Formulas for Nitrogen to Carbon and Carbon to Nitrogen Here nitrogen released from cosmic rays hits the nitrogen nucleus. The result is a nucleus of carbon 14 and a proton. Again the nucleus of radioactive carbon emits radioactive rays giving birth to a stable nitrogen 14 atom. An electron and an antineutrino are born with the formula for nitrogen to carbon and carbon to nitrogen. Here nitrogen released from cosmic rays hits the nitrogen nucleus. The result is a nucleus of carbon 14 and a proton. Again the nucleus of radioactive carbon emits radioactive rays giving birth to a stable nitrogen 14 atom. An electron and an antineutrino are also born

But this whole process takes some time to happen. By then some, if not all, of the radioactive carbon has formed chemical bonds with oxygen. As a result, radioactive carbon dioxide is produced. Again, radioactive carbon can produce nitrogen by irradiating radioactive carbon dioxide. But before that, the plants absorb some of the radioactive carbon from them. They use sunlight to make their food. Then these carbons again become part of the plant body. That plant is then eaten by herbivores and omnivores like humans. Herbivores are then eaten by carnivores at the top of the food web. In this way, radioactive carbon spreads from plants to all animals on earth. Don’t think that plants only make their food with radioactive carbon dioxide. Instead, the plants absorb both types of carbon, ordinary and radioactive. They cannot distinguish. Carbon is constantly entering the body of living plants and animals as food. Radioactive carbon is also present in living organisms. However because there is a constant supply of radioactive carbon, the number does not fall below a certain ratio.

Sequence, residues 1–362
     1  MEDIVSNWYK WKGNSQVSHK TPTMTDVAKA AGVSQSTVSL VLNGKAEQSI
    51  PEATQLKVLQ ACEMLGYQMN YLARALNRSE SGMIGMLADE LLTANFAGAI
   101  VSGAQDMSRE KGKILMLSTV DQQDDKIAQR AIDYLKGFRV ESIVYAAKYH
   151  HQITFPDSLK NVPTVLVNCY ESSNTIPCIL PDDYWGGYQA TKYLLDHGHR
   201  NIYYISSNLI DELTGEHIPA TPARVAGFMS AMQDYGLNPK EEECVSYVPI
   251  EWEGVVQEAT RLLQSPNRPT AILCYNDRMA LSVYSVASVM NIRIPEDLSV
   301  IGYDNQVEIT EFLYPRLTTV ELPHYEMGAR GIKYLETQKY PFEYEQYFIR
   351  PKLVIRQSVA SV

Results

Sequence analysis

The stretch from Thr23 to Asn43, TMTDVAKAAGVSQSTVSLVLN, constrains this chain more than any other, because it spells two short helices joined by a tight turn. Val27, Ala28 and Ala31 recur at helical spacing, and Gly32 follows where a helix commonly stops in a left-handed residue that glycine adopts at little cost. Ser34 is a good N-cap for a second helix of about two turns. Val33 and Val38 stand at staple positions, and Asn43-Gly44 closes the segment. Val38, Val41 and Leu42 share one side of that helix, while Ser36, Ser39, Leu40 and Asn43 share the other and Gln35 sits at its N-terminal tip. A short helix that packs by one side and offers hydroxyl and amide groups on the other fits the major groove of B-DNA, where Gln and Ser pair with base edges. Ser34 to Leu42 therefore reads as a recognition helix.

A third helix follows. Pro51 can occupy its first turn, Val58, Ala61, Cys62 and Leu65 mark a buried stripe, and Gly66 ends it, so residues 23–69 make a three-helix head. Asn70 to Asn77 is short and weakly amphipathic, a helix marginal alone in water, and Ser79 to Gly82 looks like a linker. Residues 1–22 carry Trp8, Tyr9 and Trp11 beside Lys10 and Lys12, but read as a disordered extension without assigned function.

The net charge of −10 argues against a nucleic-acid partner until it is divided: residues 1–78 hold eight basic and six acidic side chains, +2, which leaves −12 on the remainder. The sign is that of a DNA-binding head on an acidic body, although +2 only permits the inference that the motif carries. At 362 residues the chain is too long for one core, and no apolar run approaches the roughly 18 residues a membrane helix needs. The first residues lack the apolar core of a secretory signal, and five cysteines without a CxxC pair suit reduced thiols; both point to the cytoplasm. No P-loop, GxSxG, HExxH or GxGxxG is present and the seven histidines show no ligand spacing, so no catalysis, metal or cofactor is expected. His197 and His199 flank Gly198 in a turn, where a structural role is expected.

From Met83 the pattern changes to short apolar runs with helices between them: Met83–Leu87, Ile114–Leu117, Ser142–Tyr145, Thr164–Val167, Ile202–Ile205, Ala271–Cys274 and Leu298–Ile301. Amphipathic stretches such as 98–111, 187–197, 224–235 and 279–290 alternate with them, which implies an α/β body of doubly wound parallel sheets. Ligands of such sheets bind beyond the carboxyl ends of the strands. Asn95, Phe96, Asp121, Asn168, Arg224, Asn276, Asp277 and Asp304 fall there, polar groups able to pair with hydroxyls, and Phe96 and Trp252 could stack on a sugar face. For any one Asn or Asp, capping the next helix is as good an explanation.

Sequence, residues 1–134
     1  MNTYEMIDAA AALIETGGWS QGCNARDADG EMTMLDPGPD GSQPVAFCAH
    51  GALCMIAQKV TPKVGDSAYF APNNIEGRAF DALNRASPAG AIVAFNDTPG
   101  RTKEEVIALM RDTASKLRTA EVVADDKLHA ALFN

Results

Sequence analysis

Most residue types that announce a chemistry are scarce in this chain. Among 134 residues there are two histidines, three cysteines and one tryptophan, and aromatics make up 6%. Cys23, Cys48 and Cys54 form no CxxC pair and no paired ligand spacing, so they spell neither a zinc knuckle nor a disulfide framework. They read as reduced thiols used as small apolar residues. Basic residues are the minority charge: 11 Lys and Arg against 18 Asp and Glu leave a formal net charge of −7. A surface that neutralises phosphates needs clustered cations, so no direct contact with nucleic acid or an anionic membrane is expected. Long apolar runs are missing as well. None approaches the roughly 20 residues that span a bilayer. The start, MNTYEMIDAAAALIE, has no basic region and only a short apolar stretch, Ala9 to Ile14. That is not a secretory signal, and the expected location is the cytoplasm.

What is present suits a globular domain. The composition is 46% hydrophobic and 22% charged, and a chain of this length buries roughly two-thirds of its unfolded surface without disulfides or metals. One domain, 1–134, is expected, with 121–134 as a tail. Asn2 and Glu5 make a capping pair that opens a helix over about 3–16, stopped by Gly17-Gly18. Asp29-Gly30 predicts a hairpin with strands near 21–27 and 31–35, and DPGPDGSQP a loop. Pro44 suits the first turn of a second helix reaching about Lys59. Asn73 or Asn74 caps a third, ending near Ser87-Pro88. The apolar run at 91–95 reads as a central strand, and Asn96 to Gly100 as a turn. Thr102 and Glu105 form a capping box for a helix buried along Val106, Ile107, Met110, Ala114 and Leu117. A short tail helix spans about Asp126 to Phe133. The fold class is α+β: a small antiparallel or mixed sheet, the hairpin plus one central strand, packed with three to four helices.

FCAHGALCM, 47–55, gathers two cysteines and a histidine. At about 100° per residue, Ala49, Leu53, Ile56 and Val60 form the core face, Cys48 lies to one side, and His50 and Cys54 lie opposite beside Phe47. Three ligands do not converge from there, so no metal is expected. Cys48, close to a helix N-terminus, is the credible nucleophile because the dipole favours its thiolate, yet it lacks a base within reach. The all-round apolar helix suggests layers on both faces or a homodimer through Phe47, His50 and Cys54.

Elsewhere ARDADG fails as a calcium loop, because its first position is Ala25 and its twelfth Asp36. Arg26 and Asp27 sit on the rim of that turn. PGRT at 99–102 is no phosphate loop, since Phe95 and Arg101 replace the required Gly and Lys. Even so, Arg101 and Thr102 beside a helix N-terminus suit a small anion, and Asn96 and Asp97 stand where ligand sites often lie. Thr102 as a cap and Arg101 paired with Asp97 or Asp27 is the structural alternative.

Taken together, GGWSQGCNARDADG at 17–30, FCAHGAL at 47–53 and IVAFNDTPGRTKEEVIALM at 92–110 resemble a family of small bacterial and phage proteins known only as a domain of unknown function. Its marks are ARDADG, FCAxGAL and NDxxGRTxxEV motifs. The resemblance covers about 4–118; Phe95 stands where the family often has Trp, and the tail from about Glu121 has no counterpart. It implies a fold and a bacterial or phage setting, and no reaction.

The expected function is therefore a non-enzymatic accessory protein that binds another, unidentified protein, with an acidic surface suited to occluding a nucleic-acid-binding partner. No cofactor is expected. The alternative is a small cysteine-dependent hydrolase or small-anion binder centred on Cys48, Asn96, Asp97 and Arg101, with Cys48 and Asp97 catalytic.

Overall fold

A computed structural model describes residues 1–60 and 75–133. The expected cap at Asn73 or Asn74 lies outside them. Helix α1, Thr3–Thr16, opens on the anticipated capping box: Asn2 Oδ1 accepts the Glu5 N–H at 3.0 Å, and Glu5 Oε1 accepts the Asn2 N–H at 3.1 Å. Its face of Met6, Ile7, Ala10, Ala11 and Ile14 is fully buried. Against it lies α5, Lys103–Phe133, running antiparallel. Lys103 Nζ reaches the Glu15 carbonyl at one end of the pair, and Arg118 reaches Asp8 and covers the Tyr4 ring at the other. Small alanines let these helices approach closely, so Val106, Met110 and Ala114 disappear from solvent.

The whole thing happens in such a way that the ratio of stable and radioactive carbon in the body of any living organism is always equal, i.e. 1:1. But after the death of the animal or plant, all carbon supply is stopped. Carbon 12 does not break. Therefore, the amount of carbon in plants or animals does not change. Yes, organisms decompose. Bark, skin, flesh, etc. decompose and mix with soil. But what remains intact as a skeleton or wood is sufficient to determine the age. The ratio of carbon 12 to carbon 14 in whatever part is found in the intact corpse

Limitations of the Time Machine: Exploring the Range and Requirements of Carbon Dating 

Tt’s important to remember that carbon dating has its limitations. It method only works on organic materials, meaning things like metal swords or stone structures age can’t be calculated in this method. Additionally, its dating range is like a detective’s caseload, limited to around 50,000 years. While perfect for studying recent human history and the latter stages of the Ice Age, it can’t quite reach the depths of dinosaur eras.

If we combine this with other dating method and historical research, we will get better results. It’s like solving a giant puzzle but one piece at a time. Together, they help us see the bigger picture of our planet’s and humanity’s long and fascinating journey, allowing us to connect with the whispers of the past through the objects they left behind. This is your story, unfolding in real time. Be a part of it.